LifeSiteNews.com - 8 Mai 03
NEW STUDY LINKS CLINICAL DEPRESSION TO ABORTION
Researchers Call for More Studies on Emotional Risks of Abortion
SPRINGFIELD, ILL., May 8, 2003 (LifeSiteNews.com) - Women with a history of
abortion are at significantly higher risk of experiencing clinical
depression compared to women who give birth, according to a nationally
representative study of 1,884 women published in the latest issue of
Medical Science Monitor.
Researchers compared data for women from the National Longitudinal Survey of
Youth (NLSY) who experienced their first pregnancy between 1980 and 1992.
They found that, on an average of eight years later, women whose first
pregnancies ended in abortion were 65 percent more likely to be at high
risk of clinical depression after controlling for age,
race, marital status, history of divorce, income, number
of years of formal education, and a pre-pregnancy measure
of psychological state.
"This finding contributes to the growing number of studies showing that
abortion is linked to elevated rates of psychiatric illness, substance
abuse, and suicidal behavior," said Dr. David Reardon, head of the Elliot
Institute in Springfield, Illinois, and one of the study's authors.
Previous research on depression rates following abortion have been of
limited value due to small sample sizes and lack of information gathered
prior to their pregnancies on women's emotional state, Reardon said.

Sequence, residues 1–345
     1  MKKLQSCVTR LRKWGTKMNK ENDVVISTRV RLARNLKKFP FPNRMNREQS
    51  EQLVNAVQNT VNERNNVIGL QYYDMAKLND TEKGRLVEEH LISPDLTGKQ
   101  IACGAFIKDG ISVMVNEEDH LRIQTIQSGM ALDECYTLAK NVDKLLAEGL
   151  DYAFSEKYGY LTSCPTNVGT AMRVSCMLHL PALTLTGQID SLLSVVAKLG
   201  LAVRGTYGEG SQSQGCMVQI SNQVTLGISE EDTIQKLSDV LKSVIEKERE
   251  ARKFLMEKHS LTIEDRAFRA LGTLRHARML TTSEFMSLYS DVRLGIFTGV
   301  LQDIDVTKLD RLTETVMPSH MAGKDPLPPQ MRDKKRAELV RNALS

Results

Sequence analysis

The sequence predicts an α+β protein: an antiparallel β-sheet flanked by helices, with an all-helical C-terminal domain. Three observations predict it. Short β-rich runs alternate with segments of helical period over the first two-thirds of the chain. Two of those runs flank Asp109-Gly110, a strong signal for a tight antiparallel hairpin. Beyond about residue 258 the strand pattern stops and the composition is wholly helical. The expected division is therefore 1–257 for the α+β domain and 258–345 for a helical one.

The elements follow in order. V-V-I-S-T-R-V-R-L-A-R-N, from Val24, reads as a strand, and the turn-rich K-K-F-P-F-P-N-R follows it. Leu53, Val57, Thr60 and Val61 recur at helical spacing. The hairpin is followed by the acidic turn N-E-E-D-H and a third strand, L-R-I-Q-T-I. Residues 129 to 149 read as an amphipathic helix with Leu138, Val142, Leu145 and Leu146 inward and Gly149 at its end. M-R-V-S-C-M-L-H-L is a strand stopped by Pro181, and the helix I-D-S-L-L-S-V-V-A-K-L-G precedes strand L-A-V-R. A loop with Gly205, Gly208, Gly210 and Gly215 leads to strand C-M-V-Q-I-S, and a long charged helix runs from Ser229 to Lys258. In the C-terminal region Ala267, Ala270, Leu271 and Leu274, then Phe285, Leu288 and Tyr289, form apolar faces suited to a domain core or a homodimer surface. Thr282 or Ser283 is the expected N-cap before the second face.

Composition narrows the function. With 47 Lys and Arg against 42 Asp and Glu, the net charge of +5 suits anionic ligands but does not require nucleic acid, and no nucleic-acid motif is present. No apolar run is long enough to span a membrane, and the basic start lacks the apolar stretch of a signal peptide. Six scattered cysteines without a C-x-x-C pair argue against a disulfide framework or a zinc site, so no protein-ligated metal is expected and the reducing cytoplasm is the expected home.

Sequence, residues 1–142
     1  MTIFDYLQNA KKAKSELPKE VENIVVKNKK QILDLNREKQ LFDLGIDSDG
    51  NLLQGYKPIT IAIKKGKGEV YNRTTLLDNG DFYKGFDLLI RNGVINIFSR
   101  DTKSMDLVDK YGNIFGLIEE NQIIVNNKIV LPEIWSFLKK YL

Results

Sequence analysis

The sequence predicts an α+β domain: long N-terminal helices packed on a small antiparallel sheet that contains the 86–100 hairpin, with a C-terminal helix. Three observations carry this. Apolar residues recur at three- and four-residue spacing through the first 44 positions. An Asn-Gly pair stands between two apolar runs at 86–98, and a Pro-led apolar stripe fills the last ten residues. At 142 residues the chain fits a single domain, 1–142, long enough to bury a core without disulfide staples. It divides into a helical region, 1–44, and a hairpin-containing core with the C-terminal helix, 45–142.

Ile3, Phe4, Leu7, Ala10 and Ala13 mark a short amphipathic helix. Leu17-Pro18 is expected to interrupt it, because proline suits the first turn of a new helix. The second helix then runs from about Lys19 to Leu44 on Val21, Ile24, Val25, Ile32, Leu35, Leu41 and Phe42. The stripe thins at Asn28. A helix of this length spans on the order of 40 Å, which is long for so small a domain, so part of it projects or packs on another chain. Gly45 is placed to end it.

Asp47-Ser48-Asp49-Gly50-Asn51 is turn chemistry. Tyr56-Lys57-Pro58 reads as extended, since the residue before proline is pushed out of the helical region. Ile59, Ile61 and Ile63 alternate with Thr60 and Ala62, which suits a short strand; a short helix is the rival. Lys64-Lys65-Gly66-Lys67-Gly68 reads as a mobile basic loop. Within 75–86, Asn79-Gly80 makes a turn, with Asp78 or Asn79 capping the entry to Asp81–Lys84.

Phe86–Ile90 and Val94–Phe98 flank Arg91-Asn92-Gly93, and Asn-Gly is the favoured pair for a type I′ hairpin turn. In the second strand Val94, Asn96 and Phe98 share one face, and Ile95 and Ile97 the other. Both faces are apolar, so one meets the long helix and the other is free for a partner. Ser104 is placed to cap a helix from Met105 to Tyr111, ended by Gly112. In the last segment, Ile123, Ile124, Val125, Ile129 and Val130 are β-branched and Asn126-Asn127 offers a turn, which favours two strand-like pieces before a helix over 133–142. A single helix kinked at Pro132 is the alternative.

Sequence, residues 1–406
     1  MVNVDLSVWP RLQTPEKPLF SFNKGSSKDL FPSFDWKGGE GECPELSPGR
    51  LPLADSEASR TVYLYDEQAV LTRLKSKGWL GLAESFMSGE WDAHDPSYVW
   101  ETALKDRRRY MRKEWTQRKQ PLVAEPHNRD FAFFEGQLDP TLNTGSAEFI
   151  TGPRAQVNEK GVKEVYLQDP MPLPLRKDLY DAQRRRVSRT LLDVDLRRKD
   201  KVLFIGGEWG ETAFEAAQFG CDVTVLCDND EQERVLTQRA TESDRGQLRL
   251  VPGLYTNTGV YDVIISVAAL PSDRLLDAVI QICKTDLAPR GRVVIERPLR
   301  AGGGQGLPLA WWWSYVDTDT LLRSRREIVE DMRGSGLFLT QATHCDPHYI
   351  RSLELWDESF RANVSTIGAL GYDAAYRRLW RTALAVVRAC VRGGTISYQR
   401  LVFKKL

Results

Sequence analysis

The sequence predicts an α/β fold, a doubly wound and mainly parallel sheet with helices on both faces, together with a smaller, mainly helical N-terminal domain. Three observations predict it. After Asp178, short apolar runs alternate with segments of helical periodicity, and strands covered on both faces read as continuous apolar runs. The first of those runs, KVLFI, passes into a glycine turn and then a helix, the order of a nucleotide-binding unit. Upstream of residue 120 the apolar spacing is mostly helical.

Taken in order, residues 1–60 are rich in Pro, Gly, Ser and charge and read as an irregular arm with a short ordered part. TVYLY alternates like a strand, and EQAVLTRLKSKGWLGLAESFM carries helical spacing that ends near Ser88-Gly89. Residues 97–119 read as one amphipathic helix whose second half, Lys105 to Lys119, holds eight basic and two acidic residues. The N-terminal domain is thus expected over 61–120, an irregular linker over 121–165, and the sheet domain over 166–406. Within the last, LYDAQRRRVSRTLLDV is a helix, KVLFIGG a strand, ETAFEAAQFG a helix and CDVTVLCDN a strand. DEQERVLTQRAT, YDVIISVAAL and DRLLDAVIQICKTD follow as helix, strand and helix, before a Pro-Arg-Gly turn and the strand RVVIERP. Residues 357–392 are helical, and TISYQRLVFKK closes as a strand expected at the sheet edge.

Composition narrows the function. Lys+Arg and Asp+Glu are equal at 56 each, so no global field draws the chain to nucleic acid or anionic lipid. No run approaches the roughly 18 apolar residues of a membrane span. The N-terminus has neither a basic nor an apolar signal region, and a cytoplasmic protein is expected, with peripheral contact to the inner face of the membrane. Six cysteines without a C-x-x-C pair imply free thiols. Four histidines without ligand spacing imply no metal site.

These problems were at least partially resolved by using
the NLSY, an ongoing nationwide interview-based study
conducted by the Center for Human Resource Research at
Ohio State University and funded by the U.S. Department of
Labor. Participants in the study, who were between the ages of 14 and 21
at the time the study began in 1979, are surveyed
annually about issues such as their employment, education,
marital status, and reproductive history.
A major recommendation of the study's authors is that more research needs to
be done. They note that in 1988 Surgeon General C. Everett Koop
recommended a major longitudinal study to thoroughly
examine the issue of abortion complications, but the
study was never been done.
Reardon believes the political battle over abortion has blocked good
federally funded research in this area. "Unfortunately," he says, "some
people are more concerned about protecting the public image of abortion
than they are about protecting women."
Citation: Cougle JR, Reardon DC, Coleman PK. "Depression associated with
abortion and childbirth: a long-term analysis of the NLSY cohort." Med
Sci Monit, 2003; 9(4): CR105-112
The full study is available free online at